Android 6.0 Android 6.0 (Marshmallow) review

I've been using the next version of Android for some months now - Android 6.0 (Marshmallow) - or to put it more correctly, I've been using various iterations of the Android M developer preview. After three developer versions though we’ve finally made it to the final release and we even have shiny new hardware to run it on, in the form of the Nexus 5X. Although as a write it's also available on the Nexus 5, Nexus 6 and Nexus 9.

A new version of Android used to be welcomed with great jubilation, but as with iOS it’s now pretty mature and the changes in each new version become less revolutionary and more incremental. Not that there’s nothing here to desire, after all Android 5.0 wasn’t perfect, but most the changes are unlikely to blow you away.

Before you leave in disgust, there’s still some important new stuff to read about. Google has provided access to its Google Now assistant across the whole operating system, there’s improved standby battery life, plus support for the latest hardware trends such as fingerprint scanners and USB Type-C.

You may not be clamouring at Google to get Android 6.0 on your current handset (though if you’re keen read When will my phone get Android 6.0 Marshmallow? ) but there’s certainly enough here to make it worth looking forward to.

Big new features

There’s loads of little improvements in Android 6.0 but here we’ll deal with the big new features. It’s impossible to say which of these will make it through complete to your handset manufacturer’s particular version of Android, such as Samsung’s TouchWiz, but most of us should benefit.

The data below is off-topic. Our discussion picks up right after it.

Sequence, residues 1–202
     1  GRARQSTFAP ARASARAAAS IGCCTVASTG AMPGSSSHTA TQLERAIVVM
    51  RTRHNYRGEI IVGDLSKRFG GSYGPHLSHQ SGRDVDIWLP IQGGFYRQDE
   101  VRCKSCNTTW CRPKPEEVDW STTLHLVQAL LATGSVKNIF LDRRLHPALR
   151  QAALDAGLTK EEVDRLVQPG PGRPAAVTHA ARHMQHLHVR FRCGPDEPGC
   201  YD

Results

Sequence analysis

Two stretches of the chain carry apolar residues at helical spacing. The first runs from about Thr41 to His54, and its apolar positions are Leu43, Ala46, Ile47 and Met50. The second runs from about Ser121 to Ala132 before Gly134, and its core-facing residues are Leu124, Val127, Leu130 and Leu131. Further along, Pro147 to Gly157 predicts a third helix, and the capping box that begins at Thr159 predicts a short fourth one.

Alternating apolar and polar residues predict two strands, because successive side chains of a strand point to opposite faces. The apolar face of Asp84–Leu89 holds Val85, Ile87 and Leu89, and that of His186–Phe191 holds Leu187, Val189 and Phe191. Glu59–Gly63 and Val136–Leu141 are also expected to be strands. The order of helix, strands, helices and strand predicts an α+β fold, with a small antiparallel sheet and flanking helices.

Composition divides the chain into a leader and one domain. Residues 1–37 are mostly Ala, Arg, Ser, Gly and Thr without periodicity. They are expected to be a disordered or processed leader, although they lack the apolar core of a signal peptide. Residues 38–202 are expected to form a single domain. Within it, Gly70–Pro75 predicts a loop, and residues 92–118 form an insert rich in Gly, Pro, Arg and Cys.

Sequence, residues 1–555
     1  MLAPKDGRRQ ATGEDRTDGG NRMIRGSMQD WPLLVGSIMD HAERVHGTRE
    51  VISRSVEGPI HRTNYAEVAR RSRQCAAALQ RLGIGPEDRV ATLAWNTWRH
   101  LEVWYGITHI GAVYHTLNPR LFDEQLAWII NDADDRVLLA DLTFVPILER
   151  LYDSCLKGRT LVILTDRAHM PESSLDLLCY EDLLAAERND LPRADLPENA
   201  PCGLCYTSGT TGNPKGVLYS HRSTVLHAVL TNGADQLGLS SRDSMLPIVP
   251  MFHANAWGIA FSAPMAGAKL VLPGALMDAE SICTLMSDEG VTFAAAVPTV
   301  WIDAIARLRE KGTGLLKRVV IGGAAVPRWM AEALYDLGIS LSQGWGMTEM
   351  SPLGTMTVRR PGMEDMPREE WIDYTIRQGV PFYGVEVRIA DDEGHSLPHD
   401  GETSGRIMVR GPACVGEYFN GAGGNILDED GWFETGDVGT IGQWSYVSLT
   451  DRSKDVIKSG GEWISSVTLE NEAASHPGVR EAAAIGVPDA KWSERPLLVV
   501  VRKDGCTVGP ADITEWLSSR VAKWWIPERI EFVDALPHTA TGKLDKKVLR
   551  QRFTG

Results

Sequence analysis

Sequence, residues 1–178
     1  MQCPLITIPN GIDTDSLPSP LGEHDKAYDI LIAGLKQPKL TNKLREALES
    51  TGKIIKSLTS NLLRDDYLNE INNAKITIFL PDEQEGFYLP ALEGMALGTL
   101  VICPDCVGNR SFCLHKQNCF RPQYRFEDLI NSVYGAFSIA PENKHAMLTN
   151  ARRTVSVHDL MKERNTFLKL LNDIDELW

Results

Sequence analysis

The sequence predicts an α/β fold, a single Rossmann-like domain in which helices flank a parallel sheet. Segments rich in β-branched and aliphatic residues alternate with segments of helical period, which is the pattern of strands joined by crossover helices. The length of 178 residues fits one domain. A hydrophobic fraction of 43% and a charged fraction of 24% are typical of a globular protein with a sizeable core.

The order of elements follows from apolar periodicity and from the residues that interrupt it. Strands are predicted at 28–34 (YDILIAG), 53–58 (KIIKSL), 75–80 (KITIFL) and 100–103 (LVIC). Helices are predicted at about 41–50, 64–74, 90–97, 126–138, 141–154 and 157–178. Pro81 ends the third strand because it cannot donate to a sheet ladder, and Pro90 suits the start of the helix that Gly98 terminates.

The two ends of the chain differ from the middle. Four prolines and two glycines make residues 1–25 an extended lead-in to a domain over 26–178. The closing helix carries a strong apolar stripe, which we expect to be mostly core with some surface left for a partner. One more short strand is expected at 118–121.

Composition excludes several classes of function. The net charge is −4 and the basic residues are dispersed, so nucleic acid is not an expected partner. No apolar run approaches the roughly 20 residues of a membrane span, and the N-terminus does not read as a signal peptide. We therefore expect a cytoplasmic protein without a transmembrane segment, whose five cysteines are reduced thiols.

Now on Tap

Google Now has been around for a while, but you may not have seen it if you’re using a modified version of Android. It’s a personal digital assistant that provides pertinent information in a series of ‘cards’, based on your situation. Standing at a bus stop and you’ll get bus times, book a flight and it’ll pull the details out of your email confirmation, it also learns what sites you visit in Chrome and pops up new headlines from them.

In Android 6 Google has extended Now so that you can access it from almost anywhere, this is called Now on Tap. Simply hold down the home button for a second at any time and Now will scan the screen and provide cards based on what it finds.

For example, a friend messages you on What’s App to suggest a restaurant for dinner, simply fire up Now on Tap and it plucks out the relevant details. In this case it finds the restaurant, offers to navigate you there, links directly to the menu on its website, you can see reviews from Google too, take a look on Street View or check out its Twitter account, it even found an article on my Guardian app for it and linked to that.

It’s not perfect admittedly, in this case it offered to create a Calendar entry for this meeting, and though it got the time and date right it pulled the work address from the email signature, thinking that the meal was happening at my office.

Essentially Now on Tap expands Google’s powerful search algorithms into every crevice of Android. It’s potentially useful as a shortcut to searching about a topic, or to quickly pull information from a message. I’ll admit that I’ve been playing about with it for a while and it’s still not second nature, but it’s undeniably useful at times.

App Permissions

App permissions are a bit of a pain in Android. The more open nature of the Play Store, compared to say the App Store, means you have to be a little more careful about what you install on your phone. It’s good that apps are upfront about what elements they want access to, but many apps present you with a huge list of permissions upon installation; and then refuse to install at all unless you agree to them all.

That’s now a thing of the past. In Android 6.0 app permissions are requested when required, not at installation. So the first time an app tries to access your camera, it brings up a request to do so, and you can agree either that once or forever. This means you’re not providing access permission to an app for features you never use. For example, if you only use Skype for voice calls it doesn’t need to access your camera.